• Large GF Flour Mix Container big enough but not too big it can’t fit on the shelf. Mine comfortably holds my recipe that makes 8-cups.
  • Smaller wide mouth Jam Jar with Plastic Lids for the leftover flour mix when I’m ready to make a new batch.

In case you’re wondering this system is for my EGFG Flour Blend. I also have a bucket that lives right behind this one, in the back of the cupboard, with many different flours in it. Finally, I also used an old DVD case to store less used flours together in the freezer. It’s easy to grab and I don’t worry about them going past the expiry date, it happens!

It takes time to determine what you want to store and what you’ll never use. Plus it will change over time. Don’t overthink it, just take the first step to organize!

Watch It On YouTube

Here’s how I make and store my blend. Don’t underestimate the value of a good system that allows you to make any flour blend you need in minutes. Skip to the 6 minute and 23 second mark in this video to see the organization part.

Create an efficient system for making and storing your gluten free flour mix.

Let me know in the comments below how you used this gluten free flour guide, what you learned or are still trying to learn. I’m curious to know if you printed it or used it on a device.

More Help For Using Gluten Free Flour


  • Toby Mitchell says:

    I sure could use help! I have Mast Cell Activation, so most foods cause problems for me. So far I know I can’t have rice, corn, tapioca, gluten, coconut, soy, and most nuts & beans. I am trying potato, arrowroot, sorghum, buckwheat, millet, & quinoa. I don’t know how I’ll react, but of these, any suggestions on how I can make something bready? Thank you!

    • Cinde Little says:

      Hey Toby, all my readers will feel for you and some can relate. Food restrictions are tough! Here are a few ideas: 1) Substitute potato starch, arrowroot or a combination of those 2 in recipes calling for tapioca starch or cassava flour. 2) There is an Indian flatbread called Jowar made with just sorghum flour. Some recipes add a starch but give it a try and make it 3-5 times, I guarantee you’ll learn a little each time and might be happy with it in the end. 3) Savoury buckwheat crepes popular in France is another possibility. My recipe uses tapioca starch but try them with the substitutes I suggested. 4) Russian blini (or blintz) is a leavened pancake made with buckwheat flour. I serve mine with smoked salmon on top. 5) America’s Test Kitchen has a recipe for millet bread that uses millet flour, cooked millet and a GF flour blend. You could try something like that with this GF blend – 2 cups sorghum flour, 1/2 cup potato starch and 1/2 cup arrowroot starch. 6) I make another pancake style flatbread called socca using chickpea flour. I wonder if that would work with quinoa flour or a combo of quinoa flour and a starch. I hope that gives you something you’d like to try. When I search Google I often add the word authentic or traditional to find original recipes from different parts of the world that never originally used wheat flour. Best of luck!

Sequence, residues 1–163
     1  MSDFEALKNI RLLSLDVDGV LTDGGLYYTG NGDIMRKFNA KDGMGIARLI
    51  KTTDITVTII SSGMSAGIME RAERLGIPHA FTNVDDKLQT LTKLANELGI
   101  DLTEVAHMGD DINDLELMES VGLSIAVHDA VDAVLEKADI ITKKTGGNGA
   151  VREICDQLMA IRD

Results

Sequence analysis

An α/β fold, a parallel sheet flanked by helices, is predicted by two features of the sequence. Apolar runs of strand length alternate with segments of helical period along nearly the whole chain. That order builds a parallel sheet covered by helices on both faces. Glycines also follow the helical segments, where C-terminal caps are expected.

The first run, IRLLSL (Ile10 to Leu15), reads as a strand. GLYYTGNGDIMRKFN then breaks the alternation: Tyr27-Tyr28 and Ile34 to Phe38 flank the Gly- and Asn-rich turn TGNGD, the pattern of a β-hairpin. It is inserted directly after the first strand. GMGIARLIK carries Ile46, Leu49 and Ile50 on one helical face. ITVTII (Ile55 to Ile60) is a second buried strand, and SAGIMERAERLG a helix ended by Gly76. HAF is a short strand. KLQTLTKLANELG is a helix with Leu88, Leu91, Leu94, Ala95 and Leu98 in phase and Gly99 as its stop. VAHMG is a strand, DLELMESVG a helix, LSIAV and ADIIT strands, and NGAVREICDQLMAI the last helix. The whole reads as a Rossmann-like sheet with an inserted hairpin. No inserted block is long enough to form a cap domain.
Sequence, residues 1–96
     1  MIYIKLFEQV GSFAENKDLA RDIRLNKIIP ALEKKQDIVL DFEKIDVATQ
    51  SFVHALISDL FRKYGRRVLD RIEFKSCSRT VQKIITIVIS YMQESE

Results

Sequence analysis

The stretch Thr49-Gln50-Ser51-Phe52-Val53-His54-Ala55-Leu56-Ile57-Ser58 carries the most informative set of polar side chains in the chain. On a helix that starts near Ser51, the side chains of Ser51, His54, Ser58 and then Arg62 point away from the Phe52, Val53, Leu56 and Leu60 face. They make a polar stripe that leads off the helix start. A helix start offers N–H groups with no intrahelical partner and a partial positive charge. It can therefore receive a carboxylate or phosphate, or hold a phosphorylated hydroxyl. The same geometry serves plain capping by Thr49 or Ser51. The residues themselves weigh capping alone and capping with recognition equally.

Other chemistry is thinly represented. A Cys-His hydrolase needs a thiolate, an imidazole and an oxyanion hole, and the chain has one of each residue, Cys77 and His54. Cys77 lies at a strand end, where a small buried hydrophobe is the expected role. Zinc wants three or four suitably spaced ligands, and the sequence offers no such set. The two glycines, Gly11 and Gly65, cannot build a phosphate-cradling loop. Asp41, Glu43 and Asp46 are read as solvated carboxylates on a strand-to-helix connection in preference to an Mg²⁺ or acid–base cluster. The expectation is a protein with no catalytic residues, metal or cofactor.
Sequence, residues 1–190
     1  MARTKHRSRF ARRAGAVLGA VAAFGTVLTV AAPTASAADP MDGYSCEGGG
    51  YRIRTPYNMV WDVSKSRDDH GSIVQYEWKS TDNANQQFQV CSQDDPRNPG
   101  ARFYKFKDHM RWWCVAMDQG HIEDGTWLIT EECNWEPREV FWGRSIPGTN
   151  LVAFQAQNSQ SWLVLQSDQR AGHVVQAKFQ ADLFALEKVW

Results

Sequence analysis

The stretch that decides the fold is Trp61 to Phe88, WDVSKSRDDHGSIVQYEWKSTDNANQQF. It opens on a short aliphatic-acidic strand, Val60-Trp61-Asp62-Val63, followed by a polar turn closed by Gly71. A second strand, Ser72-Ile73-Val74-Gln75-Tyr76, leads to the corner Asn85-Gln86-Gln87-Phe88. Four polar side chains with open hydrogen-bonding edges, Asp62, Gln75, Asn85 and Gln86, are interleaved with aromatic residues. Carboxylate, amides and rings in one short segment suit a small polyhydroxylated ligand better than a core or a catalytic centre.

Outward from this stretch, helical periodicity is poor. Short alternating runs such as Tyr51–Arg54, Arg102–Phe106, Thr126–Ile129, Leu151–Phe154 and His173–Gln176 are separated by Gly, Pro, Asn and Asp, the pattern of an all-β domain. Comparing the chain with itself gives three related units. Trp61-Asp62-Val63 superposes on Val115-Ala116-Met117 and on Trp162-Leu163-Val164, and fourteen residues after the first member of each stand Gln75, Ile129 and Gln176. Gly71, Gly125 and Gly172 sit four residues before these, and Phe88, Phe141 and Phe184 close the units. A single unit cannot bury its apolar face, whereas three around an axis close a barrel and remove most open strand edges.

• Tracy says:

    Thank you for this site. I have found it immensely helpful. I have a lot to learn but you have given me the tools I need to be able to do this. A big thank you from me.

    • Cinde Little says:

      Thank you Tracy! I’m so happy to hear that. You’re right, there is so much to learn but once you start to have success with baking, on the first try, you can eat you way to perfection! I’m sure you know that what we call cornstarch in North America, you call cornflour in the UK. I should add that to my Flour Guide. 🙂

  • Naghamfhk says:

    Hello Cindy
    Thank you very much for the effort you make
    It was a very helpful information….